Harissa Paste Vs. Powder

Harissa is a fiery North African chili pepper paste that has become popular around the world for its versatile uses and big, bold flavor. This bright red condiment can transform grilled meats, stir fries, eggs, sandwiches, dips and more with its spicy, earthy kick.

Harissa Paste Vs. Powder

While harissa originated in Tunisia, variations of the paste can be found across North Africa and the Middle East. The name comes from the Arabic word “harasa” meaning "to break into pieces," referring to the process of pounding chili peppers and spices together to make the paste.

There are two main forms of harissa available: harissa paste and harissa powder. While both deliver big, bold flavor, there are some key differences between the paste and powdered versions that impact how they are used.

Harissa Paste

Harissa paste is the more traditional version, consisting of a blend of chili peppers, spices, herbs and olive oil blended to a smooth or chunky texture. This is the type of harissa commonly used in authentic North African and Middle Eastern dishes.

Typical harissa paste ingredients include:

  • Dried chili peppers - Often a blend of hot and mild varieties
  • Olive oil
  • Garlic
  • Spices like cumin, coriander, caraway
  • Citrus juice - Lemon or lime
  • Herbs - Mint, cilantro, parsley
  • Salt

Some recipes also include tomato paste, smoked paprika or rose petals. The specific chilies, spices and herbs used can vary, resulting in harissa pastes with different levels of heat, smokiness and flavor complexity.

To make harissa paste:

The dried chilies are rehydrated in hot water until softened. They are then blended along with the additional ingredients until a smooth or chunky paste forms. More olive oil can be added to adjust the consistency as desired.

Benefits of harissa paste:

  • Intense flavor - The process of rehydrating the chilies really brings out their flavor.
  • Can control spice level - You can adjust the amount and type of chilies.
  • Lasts 1-2 weeks refrigerated.
  • Easy to blend into sauces, dressings, dips.
  • Works as a marinade.

How to use harissa paste:

  • As a condiment - Drizzle over eggs, meat, fish, sandwiches.
  • In dressings and dips - Blend into yogurt, mayo, hummus.
  • As a marinade - For chicken, beef, fish, veggies.
  • In braises and stews - Adds richness and spice.
  • Stir into tomato sauce - For pizza, pasta, etc.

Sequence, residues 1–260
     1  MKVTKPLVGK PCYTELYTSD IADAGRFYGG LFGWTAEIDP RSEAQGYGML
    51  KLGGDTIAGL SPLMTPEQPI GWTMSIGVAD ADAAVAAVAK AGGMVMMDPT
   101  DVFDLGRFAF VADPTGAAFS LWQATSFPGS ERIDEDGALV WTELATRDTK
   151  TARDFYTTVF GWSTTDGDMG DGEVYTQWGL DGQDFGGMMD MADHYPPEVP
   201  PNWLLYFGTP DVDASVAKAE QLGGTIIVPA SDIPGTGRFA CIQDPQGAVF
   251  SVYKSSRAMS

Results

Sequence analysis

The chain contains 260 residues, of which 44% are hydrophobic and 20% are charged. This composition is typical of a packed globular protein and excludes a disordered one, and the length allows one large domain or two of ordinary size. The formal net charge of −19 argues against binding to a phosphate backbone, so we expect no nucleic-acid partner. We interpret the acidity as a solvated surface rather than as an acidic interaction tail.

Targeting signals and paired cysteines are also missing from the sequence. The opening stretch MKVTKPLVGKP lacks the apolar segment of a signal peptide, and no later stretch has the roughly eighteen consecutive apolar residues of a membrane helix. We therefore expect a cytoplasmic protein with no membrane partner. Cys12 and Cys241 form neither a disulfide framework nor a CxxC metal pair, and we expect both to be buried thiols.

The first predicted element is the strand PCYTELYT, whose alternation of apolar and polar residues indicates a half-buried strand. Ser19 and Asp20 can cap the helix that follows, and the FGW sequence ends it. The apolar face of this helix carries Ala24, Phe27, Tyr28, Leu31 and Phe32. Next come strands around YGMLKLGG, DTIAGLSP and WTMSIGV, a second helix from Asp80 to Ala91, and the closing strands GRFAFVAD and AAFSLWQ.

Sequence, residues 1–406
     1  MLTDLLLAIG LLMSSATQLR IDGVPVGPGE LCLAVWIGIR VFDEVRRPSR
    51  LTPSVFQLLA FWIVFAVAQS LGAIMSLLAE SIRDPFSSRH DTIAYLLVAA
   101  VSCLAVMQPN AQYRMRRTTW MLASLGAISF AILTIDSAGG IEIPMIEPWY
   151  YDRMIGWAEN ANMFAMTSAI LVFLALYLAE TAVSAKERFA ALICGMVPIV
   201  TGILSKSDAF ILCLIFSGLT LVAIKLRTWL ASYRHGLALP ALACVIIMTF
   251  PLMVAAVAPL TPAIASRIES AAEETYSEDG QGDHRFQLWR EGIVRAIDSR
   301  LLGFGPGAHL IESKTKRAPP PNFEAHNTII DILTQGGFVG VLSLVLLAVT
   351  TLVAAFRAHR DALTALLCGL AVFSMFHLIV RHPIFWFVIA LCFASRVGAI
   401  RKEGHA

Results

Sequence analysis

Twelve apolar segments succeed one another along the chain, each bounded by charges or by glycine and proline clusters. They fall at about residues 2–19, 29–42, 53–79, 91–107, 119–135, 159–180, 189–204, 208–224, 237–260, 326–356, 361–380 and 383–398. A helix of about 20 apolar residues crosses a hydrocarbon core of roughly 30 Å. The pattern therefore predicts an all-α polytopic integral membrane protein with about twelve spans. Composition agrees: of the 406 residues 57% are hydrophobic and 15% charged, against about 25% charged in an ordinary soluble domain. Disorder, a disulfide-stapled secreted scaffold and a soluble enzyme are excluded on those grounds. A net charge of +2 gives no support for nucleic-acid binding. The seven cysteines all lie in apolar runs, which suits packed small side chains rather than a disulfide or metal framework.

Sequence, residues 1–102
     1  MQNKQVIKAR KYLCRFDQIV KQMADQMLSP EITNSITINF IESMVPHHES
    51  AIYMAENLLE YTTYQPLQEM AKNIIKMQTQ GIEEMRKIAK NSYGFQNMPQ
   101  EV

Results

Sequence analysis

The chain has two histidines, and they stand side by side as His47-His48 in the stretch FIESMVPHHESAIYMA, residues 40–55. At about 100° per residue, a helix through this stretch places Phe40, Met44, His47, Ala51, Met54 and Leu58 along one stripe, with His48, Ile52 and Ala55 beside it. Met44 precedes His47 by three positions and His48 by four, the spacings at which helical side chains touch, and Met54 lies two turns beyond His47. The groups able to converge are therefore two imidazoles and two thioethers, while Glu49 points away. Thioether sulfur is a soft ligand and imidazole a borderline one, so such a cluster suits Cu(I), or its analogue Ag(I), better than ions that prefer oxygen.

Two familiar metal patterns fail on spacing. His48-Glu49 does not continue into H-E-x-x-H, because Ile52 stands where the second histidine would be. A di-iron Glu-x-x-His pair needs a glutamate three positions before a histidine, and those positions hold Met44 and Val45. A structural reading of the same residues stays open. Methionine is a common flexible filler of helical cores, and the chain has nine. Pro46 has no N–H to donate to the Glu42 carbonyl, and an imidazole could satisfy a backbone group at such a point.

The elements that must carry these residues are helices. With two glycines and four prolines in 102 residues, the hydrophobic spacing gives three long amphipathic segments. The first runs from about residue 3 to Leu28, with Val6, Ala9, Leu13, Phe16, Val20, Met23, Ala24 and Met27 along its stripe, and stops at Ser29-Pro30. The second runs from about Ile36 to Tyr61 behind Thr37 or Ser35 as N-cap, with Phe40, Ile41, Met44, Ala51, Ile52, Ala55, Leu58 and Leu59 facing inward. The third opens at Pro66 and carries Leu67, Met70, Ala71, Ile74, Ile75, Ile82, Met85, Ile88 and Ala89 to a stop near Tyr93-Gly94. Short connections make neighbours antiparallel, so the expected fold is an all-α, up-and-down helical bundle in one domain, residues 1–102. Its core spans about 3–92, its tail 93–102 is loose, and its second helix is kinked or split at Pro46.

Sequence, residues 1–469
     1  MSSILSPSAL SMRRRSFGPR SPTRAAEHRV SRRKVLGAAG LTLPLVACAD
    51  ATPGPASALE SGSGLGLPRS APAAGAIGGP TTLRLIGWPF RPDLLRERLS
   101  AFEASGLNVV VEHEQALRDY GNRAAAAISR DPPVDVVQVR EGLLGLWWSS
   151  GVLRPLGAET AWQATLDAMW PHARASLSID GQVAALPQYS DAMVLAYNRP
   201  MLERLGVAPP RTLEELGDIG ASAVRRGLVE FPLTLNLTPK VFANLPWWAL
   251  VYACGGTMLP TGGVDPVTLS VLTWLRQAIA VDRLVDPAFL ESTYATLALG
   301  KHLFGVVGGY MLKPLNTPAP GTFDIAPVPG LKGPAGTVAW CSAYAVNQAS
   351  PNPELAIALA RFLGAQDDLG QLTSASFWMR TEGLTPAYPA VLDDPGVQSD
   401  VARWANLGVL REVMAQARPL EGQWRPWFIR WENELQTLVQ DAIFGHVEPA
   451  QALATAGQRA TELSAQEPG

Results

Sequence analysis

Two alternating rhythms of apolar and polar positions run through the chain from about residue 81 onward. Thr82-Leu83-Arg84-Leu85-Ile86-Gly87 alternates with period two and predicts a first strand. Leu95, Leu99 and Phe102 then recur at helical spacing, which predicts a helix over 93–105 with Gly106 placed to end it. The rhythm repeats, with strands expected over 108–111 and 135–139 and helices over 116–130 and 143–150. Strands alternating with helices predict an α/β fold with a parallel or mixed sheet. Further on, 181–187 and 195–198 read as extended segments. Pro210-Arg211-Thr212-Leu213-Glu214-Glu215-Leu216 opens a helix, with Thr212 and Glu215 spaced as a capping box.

• With grains - Mix into rice, couscous, quinoa.

Harissa paste can be found at specialty markets or made at home, and lasts 1-2 weeks refrigerated.

Harissa Powder

Harissa powder offers the same spices and flavor as harissa paste in a dried, ground form. It is made by simply grinding together the typical harissa ingredients - dried chilies, cumin, coriander, caraway, garlic, etc.

Typical harissa powder ingredients include:

As with the paste, the specific chilies and spice amounts can vary, resulting in powders with different heat levels. Additional herbs like mint or oregano are sometimes included too.

Benefits of harissa powder:

  • Shelf-stable - Lasts 4-6 months in an airtight container.
  • Easy to find - Sold in the spice aisle of many grocery stores.
  • Portable - Easy to bring camping, travel, etc.
  • Can control spice level - Adjust amount used.
  • Works as a dry rub.

How to use harissa powder:

  • As a dry rub - For meat, fish, veggies.
  • Sprinkle on eggs, pasta, pizza.
  • Stir into olive oil as a drizzle or marinade.
  • Mix into mayo, hummus, yogurt dips.
  • Add to stews, chilis, soups.
  • Use in place of chili powder in recipes.

Harissa powder provides the same big flavor in an easy to use, shelf-stable form. It's readily available in the spice aisle.

Harissa Paste vs. Harissa Powder

So when should you use harissa paste versus powder? Here's a breakdown of their differences and best uses:

Harissa PasteHarissa Powder
Blend of rehydrated chilies and spicesGround, dried spice blend
Must be refrigeratedShelf-stable
Lasts 1-2 weeksLasts 4-6 months